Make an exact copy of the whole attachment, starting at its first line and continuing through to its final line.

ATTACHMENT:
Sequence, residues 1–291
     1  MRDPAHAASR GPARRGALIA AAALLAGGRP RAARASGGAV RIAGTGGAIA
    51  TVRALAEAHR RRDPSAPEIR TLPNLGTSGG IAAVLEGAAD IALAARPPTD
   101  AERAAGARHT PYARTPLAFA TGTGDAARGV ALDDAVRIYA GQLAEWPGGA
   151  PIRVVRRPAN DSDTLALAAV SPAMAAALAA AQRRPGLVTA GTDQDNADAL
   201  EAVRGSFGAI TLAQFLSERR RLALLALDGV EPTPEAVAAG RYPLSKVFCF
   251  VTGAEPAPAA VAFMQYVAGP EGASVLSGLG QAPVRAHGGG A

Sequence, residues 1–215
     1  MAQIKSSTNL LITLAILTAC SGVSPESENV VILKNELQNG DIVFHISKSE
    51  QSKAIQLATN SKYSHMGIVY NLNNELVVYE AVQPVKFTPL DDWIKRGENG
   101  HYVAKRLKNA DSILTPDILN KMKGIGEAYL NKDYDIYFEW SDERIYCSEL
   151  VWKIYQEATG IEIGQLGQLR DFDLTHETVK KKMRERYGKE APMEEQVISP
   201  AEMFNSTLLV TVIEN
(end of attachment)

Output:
Sequence, residues 1–291
     1  MRDPAHAASR GPARRGALIA AAALLAGGRP RAARASGGAV RIAGTGGAIA
    51  TVRALAEAHR RRDPSAPEIR TLPNLGTSGG IAAVLEGAAD IALAARPPTD
   101  AERAAGARHT PYARTPLAFA TGTGDAARGV ALDDAVRIYA GQLAEWPGGA
   151  PIRVVRRPAN DSDTLALAAV SPAMAAALAA AQRRPGLVTA GTDQDNADAL
   201  EAVRGSFGAI TLAQFLSERR RLALLALDGV EPTPEAVAAG RYPLSKVFCF
   251  VTGAEPAPAA VAFMQYVAGP EGASVLSGLG QAPVRAHGGG A

Sequence, residues 1–215
     1  MAQIKSSTNL LITLAILTAC SGVSPESENV VILKNELQNG DIVFHISKSE
    51  QSKAIQLATN SKYSHMGIVY NLNNELVVYE AVQPVKFTPL DDWIKRGENG
   101  HYVAKRLKNA DSILTPDILN KMKGIGEAYL NKDYDIYFEW SDERIYCSEL
   151  VWKIYQEATG IEIGQLGQLR DFDLTHETVK KKMRERYGKE APMEEQVISP
   201  AEMFNSTLLV TVIEN